Story #147: Farmer Immerses In Nature During Uncertain Times

April 29, 2024
Yulia refused urban life to slow down in Ukrainian khutir, where she lives with her cattle and pets while her husband serves in the military.

Self-reliance is the guiding principle of Yulia's life, and one she recommends for everyone else. However, when her husband left for military service, leaving her alone with dozens of cattle, seven cats, and two dogs in a remote settlement, this life principle took on new shades.

Ironically, trying to get through all the khutir responsibilities alone made her learn cooperating and asking for help.

"I am used to solving all problems myself. It mostly worked out that way for me until I got stuck in a swamp with my car."

If you have read Mykola Hohol's all-time classic Evenings in a Khutir Near Dykanka, then you are partly familiar with the image of Ukrainian khutir. In a few words, it is a settlement outside a village that includes only one or two households.

Khutirs gradually emerged through land development and cultivation, activities predominantly carried out by free peasants and Cossacks at the time. As Ukrainians established their households in remote and uninhabited areas, these farms became a symbol of peasant individuality, a legacy that persists today. Soviet authorities sought to eliminate such settlements as they did not align with the collectivization agenda.

Yulia has lived the khutir lifestyle for 6 years already. Although it all began as her and her husband's rural journey, she has so far spent two of these years alone with her animals and garden.The reason for it was, of course, the war.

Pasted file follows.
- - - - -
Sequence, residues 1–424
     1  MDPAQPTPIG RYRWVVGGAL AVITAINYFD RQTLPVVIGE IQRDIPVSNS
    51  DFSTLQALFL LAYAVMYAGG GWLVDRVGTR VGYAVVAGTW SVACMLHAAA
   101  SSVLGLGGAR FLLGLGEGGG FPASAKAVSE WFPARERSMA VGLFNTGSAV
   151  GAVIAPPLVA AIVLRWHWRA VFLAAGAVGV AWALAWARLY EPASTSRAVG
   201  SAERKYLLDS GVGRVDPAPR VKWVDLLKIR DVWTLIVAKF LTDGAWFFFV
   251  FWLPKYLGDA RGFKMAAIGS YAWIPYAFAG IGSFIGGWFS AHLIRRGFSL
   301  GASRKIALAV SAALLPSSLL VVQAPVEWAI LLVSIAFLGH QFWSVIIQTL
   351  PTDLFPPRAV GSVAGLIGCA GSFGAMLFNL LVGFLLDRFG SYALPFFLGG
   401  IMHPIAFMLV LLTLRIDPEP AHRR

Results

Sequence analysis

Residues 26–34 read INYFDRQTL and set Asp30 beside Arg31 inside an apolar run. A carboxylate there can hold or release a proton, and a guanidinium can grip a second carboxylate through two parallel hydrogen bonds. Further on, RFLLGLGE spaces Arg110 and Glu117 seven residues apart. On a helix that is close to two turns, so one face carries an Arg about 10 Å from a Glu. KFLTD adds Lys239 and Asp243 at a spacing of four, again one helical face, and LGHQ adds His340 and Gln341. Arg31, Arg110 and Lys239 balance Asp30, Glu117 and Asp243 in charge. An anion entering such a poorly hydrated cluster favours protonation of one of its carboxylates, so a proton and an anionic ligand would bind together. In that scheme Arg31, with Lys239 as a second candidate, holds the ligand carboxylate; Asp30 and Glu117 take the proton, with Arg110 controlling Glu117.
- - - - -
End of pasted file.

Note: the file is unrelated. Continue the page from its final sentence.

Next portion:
"It is one thing to live in an apartment and go to work during the war, and quite another to stay on a farm with lots of animals, somewhere outside the village on your own... There are no neighbors across the fence, no parents, or friends nearby. Who will come to help you if needed?

Well, now there are many such cases when a woman has to deal with it all alone... We have a funeral to go to soon, as many men from my husband's unit have unfortunately died."

Three of the seven cats Yulia now takes care of belong to her friend, who also joined the military. It has been two months since she heard from him.

"It is a huge responsibility to care for animals. If any of them fall ill, I need to call a vet or transport them to the city. Both things are possible only in good weather, because you cannot traverse the road otherwise. Oh, I am also responsible for big animals, sheeps and goats, which are about 100 kilograms each."

Yulia's husband prepared everything he could to make her life easier before departing for the army. However, a farm cannot run itself like a finely-tuned machine.

However hard it has been, Yulia has never regretted choosing this life.

First of all, I love how we live now. That is why it is not as hard for me as it could be for other people.

The acute challenges Yulia has faced have mostly been a function of the difference between expectations and reality.

"When the full-scale invasion started, we all thought it would last for 2-3 months. My husband asked me if I could manage everything here for a couple of months, and my reply was, 'Of course I can.'

Spring was coming, and I imagined everything would go smoothly because he would definitely be home by fall, so I felt relaxed. But when I realized that his absence was not just for a month or even three, I grew anxious about the challenges ahead."

Yulia had to feed and clean the cattle and their living area, administer medicine, aid with calving, bring animals to market, collect and sell milk, purchase and transport animal feed, and also run her own small business selling ghee butter online.